Bluff The Listener

Oct 6, 2018
Originally published on October 6, 2018 10:49 am
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BILL KURTIS: From NPR and WBEZ Chicago, this is WAIT WAIT... DON'T TELL ME, the NPR news quiz. I'm Bill Kurtis. We're playing this week with Roxanne Roberts, Peter Grosz and Paula Poundstone. And here again is your host at the Chase Bank Auditorium in downtown Chicago, Peter Sagal.


Thank you so much, Bill.


SAGAL: Right now it is time for the WAIT WAIT... DON'T TELL ME Bluff The Listener game. Call 1-888-WAITWAIT to play our game on the air. Hi, you are on WAIT WAIT... DON'T TELL ME.

PETE DEEGAN: Hi, this is Pete from Eugene, Ore.

SAGAL: Oh, I know where Eugene is at the very least. How are you?

DEEGAN: I'm doing fine. How are you?

SAGAL: It's - I'm great. It's beautiful out there. What do you do?

DEEGAN: Well, I'm a carpenter by day and a clinical social work grad student by night.

SAGAL: Oh, wow.

PAULA POUNDSTONE: Oh, there you go.


DEEGAN: Thank you.

SAGAL: If you can do something as useful as carpentry, why would you ever want to do something as ephemeral as social work?


DEEGAN: I don't know. I used to counsel the drywall hangers while they were...


DEEGAN: ...Talking to me about their marital problems.

SAGAL: Yeah, dealing with their hang-ups.

DEEGAN: I just thought I'd try something different.

SAGAL: Well, good for you. Pete, it's very nice to have you with us. You're going to play our game in which you must try to tell truth from fiction. Bill, what is Pete's topic?

KURTIS: Par-tay (ph).


SAGAL: Who doesn't love a party? Most people, that's who. This week, we heard about a party that went horribly awry. Our panelists are going to tell you about it. Pick the one who's telling the truth, you'll win our prize the, WAIT WAITer (ph) of your choice on your voicemail. You ready to play?

DEEGAN: Absolutely.

SAGAL: All right, first let's hear from Paula Poundstone.

POUNDSTONE: Twenty-three of Max Goldstein's (ph) friends, plus their parents and siblings, covered the front yard at his Spider-Man-themed fifth birthday party. They let out screams of surprise and excitement at the sight of Spider-Man climbing head-down down the side of the house. This guy was amazing, said Max's dad, Andrew Goldstein (ph). It really did look like his hands were sticking to the side of the house - that is, until he got stuck.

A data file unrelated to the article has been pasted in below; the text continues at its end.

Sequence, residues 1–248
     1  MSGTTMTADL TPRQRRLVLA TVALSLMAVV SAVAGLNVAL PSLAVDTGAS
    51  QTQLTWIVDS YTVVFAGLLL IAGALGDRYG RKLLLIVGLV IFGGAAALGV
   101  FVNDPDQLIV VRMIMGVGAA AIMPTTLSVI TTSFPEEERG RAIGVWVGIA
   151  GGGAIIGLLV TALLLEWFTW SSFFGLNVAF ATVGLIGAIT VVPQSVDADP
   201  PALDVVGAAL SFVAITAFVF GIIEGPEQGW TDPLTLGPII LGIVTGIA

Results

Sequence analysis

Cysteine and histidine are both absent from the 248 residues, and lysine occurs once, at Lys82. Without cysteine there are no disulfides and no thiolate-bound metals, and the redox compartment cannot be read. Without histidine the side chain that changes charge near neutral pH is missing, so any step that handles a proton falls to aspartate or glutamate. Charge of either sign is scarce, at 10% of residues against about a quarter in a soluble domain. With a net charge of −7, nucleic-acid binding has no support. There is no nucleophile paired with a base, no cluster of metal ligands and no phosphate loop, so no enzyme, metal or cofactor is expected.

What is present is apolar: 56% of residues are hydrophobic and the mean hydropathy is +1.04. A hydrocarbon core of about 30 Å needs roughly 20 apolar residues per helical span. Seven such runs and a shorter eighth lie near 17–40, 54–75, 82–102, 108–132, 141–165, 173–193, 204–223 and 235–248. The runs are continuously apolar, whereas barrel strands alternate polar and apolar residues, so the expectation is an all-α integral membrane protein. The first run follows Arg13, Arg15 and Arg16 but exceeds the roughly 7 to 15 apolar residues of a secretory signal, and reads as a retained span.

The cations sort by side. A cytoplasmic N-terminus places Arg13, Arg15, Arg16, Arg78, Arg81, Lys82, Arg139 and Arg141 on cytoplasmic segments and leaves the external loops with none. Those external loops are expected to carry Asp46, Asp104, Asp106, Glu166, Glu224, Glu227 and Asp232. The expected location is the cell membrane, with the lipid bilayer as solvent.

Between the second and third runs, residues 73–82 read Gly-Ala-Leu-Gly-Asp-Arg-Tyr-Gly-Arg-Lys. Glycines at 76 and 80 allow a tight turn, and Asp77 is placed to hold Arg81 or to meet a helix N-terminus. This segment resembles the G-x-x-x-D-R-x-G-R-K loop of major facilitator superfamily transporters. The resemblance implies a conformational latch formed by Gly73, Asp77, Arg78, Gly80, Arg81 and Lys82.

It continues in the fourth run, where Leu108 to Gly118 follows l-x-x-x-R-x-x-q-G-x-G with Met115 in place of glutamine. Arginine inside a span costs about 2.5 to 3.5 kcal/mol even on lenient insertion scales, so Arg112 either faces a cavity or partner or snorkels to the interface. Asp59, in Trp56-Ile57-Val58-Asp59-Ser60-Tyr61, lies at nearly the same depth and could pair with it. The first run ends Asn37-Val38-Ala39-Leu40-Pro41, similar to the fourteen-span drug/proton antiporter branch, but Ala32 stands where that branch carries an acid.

When his rope slacked quickly, the action hero slid down the side of the house, catching his suit on the light-up Happy Birthday, Max sign that also hung from the side of the house. I'll get you for that, Venom, improvised a quick-thinking Spidey in a strained voice.

Andrew Goldstein couldn't reach the party entertainer from the window, but because the kids were enjoying it so much and Spidey really wanted a five-star review on, the odd part-arachnid, part-man man begged Goldstein not to call 911. Instead, they called someone else. And after stalling with knock-knock jokes for about 30 minutes, the front yard exploded with cheers when Batman climbed down another set of ropes.


POUNDSTONE: In a move that answers once and for all the question Spider-Man or Batman, within seconds, Batman, too, was inextricably hooked onto the Happy Birthday, Max sign...


POUNDSTONE: ...On the side of the house. The fire department came and rescued the superheroes. The kids loved it.


SAGAL: A Spider-Man-themed birthday party that goes not according to plan when Spider-Man gets stuck and then so does Batman. Your next story of a party getting out of hand comes from Roxanne Roberts.

ROXANNE ROBERTS: Sarah Chambers (ph) wanted to do something special for her entomologist husband's 75th birthday and planned a surprise party featuring his lifelong passion - tarantulas. So in the center of a private room at New York's Harvard Club, a table held a large terrarium with more than two dozen different species of the furry spiders.